Cherry Picker, a guest home designed by Build Tiny, is situated on the North Island of New Zealand. It features views of the South Pacific Ocean and a lush pine forest.

Mardi Doherty and Her Farmhouse’s Hidden Japanese Interior

In the historic town of Beechworth, found in the Australian state of Victoria, Doherty Design Studio masterfully subverts expectations in this two-story stone farmhouse. It’s a holiday home that looks as if it has belonged to its rural surroundings for centuries, while cocooning a surprising jewel box of contemporary design inside.

Although strikingly different from its traditional farmhouse exterior, the interiors reference the outer appearance with an exposed solid granite wall in the living room and exposed roof trusses with black plated junctions that recall the artisanal joinery and construction techniques found in traditional Japanese homes.

Eva Holbrook and Her Bonny Doon Forest Temple

Interior designer Eva Holbrook and artist Jamie Williams purchased their cabin for the vibe. Surrounded by lush forest and located just 15 minutes from the beach, it’s the perfect setting for a retreat that doubles as their main residence. Their goal was to develop the property into a space that would allow them—and visitors—to "disconnect from civilization, breathe in the fresh air, and rejuvenate on a cellular level," explains Eva.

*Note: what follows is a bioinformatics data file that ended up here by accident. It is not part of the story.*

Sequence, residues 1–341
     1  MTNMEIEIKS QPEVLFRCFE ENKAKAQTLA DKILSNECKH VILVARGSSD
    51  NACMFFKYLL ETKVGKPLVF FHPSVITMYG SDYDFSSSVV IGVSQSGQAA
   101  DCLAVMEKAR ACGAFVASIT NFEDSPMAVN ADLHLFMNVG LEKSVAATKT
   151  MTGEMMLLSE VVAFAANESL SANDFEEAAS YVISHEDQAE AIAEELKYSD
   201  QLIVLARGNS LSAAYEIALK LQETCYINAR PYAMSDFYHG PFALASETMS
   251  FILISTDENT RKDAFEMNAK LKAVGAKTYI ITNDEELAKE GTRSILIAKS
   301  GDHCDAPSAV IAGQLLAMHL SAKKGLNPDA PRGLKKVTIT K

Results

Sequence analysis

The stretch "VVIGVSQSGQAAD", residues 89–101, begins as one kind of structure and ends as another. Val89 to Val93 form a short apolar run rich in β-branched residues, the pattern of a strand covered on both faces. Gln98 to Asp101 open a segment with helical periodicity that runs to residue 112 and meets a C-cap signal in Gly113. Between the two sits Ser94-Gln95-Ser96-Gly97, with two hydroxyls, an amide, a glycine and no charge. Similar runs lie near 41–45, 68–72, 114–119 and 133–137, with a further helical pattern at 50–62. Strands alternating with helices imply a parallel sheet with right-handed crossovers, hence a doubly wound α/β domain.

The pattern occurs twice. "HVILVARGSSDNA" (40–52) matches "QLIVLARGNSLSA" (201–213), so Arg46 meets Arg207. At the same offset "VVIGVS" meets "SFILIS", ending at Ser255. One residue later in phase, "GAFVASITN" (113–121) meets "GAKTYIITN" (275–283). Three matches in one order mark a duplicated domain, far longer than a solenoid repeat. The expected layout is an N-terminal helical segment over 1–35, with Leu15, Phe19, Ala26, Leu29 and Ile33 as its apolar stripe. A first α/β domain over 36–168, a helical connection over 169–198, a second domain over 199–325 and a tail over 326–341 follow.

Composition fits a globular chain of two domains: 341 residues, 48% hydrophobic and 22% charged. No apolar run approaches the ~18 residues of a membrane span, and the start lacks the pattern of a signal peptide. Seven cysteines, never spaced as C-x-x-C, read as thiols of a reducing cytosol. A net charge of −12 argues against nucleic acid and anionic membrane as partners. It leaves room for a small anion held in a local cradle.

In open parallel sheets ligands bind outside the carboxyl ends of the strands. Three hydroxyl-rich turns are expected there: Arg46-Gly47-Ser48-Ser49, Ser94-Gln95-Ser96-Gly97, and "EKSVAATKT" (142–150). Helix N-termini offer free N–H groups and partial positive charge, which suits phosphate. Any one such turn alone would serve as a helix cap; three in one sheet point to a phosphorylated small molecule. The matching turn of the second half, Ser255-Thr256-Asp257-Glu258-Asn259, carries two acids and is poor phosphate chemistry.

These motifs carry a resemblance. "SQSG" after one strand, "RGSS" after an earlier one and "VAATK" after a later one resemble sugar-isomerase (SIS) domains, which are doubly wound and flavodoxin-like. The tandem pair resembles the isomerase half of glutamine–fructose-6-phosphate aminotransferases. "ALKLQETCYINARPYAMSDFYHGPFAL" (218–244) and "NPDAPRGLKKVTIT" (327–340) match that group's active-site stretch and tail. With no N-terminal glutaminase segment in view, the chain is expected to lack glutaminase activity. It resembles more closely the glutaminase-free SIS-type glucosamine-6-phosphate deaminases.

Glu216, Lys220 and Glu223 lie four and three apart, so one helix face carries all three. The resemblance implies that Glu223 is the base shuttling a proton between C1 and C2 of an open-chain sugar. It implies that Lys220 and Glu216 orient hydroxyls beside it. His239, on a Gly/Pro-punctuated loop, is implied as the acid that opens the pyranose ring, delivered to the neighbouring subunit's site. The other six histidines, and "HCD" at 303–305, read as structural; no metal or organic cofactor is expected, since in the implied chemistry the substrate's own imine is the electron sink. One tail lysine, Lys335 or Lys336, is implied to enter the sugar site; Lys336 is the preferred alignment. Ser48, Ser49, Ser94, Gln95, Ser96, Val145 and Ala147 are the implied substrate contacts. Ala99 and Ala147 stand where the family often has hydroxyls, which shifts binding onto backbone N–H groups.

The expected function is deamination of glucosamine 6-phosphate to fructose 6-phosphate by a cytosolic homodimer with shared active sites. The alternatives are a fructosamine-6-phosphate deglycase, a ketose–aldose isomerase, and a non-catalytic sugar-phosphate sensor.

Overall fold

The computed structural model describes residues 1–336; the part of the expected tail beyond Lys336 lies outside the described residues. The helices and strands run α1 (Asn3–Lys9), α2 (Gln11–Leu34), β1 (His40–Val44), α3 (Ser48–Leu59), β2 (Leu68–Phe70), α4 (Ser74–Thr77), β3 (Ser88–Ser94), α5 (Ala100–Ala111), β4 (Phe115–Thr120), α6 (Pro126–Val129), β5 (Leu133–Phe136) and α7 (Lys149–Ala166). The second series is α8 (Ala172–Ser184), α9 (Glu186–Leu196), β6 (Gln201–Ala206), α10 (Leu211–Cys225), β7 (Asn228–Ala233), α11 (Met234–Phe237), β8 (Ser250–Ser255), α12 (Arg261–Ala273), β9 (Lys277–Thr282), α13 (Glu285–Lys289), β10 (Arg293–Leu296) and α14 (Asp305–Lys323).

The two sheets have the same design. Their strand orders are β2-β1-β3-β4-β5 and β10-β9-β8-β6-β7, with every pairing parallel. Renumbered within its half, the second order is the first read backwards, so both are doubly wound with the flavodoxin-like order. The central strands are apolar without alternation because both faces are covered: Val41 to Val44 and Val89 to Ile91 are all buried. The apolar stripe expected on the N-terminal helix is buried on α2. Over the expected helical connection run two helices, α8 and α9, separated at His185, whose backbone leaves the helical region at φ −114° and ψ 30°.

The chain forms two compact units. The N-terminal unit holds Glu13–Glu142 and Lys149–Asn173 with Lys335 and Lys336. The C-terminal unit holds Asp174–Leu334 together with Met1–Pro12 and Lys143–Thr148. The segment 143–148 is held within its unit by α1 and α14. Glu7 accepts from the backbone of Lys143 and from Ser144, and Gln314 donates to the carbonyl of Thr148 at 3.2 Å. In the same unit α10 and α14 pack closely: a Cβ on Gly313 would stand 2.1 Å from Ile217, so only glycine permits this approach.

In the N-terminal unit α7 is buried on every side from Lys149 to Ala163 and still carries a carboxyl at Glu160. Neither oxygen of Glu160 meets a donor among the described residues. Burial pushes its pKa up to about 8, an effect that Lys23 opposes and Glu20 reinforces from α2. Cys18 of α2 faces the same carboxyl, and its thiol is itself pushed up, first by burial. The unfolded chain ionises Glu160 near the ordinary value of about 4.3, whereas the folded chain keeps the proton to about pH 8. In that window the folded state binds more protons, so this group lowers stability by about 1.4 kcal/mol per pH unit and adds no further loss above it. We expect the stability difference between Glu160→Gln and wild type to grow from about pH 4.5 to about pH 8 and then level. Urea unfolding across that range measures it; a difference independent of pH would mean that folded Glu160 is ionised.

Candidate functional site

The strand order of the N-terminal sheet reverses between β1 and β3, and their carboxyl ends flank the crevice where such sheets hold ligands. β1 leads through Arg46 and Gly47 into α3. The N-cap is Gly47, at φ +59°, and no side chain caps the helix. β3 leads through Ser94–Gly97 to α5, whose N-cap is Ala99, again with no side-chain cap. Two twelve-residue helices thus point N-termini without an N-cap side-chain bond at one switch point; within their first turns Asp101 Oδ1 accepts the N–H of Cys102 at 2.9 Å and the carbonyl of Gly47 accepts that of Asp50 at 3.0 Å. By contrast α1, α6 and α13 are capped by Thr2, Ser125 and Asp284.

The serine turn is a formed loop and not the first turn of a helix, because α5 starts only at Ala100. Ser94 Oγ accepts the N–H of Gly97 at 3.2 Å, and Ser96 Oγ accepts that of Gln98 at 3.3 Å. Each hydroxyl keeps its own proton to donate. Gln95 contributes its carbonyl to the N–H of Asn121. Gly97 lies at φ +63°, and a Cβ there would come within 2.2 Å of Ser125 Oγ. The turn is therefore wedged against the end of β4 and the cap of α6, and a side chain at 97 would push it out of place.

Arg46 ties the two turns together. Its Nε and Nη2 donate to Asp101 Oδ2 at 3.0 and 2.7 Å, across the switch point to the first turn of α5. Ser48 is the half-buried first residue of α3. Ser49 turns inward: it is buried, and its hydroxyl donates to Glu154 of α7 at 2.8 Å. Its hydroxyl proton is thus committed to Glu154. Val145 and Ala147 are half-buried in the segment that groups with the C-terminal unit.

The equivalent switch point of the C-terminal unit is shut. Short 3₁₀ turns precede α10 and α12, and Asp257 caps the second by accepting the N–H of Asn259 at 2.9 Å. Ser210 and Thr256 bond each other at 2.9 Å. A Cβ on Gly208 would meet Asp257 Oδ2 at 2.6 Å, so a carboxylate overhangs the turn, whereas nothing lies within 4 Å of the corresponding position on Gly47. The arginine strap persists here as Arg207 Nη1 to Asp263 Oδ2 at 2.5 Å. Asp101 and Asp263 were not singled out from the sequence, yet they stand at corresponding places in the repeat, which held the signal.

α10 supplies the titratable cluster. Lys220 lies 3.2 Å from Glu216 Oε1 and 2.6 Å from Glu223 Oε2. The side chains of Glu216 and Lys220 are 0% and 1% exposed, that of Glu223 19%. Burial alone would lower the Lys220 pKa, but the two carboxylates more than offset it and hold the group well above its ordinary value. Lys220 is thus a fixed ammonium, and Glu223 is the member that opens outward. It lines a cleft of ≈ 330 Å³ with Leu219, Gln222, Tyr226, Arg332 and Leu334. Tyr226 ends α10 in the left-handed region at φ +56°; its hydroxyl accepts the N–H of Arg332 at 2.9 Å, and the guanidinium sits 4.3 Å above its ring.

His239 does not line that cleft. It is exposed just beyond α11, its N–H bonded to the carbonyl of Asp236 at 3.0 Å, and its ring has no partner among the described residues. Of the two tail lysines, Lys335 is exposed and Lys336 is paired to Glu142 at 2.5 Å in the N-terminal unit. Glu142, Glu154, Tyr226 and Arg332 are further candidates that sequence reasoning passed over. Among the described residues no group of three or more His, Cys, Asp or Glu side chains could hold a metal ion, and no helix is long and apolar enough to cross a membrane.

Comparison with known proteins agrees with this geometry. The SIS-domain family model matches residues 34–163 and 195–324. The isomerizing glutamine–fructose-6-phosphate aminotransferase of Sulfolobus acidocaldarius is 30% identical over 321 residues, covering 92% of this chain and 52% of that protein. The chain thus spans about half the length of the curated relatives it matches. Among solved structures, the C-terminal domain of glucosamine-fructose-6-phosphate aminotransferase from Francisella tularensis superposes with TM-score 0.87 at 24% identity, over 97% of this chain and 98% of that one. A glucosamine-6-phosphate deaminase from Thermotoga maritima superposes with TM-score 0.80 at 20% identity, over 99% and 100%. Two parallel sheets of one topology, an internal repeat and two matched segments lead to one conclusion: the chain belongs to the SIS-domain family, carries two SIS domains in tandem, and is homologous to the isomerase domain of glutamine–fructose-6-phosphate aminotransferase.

In designing the space, Eva and Jamie were all about bringing the outdoors in—hence they incorporated lots of wood and reclaimed materials. The living room sofa and chair are from Article.

Madeleine Blanchfield and Her Mirrored Outhouse in the Australian Bush

Madeleine Blanchfield Architects was tasked with creating an outhouse that posed minimal impact on the surrounding landscape while providing the sense of being immersed in nature. This brief led to the creation of the Kangaroo Valley Outhouse—a simple cube wrapped in reflective glass that provides services for a small cabin available for overnight stays.

The mirrored box disappears into the hillside, reflecting the dense foliage.

Linda Bergroth and Her Prefab Shed/Summer Home

Linda Bergroth had gardening and storage in mind when she developed this scaled-down prefab prototype. The Finnish designer collaborated with Helsinki-based Avanto Architects for two years to perfect the compact unit—now available for purchase from outdoor brand Kekkilä—which artfully merges shed and greenhouse into one wood-framed, gabled-roof, glass-walled structure.

This dreamy, glass bedroom by the lake was created as an early prototype for the prefabricated greenhouse/she kits known as the Kekkilä Green Sheds.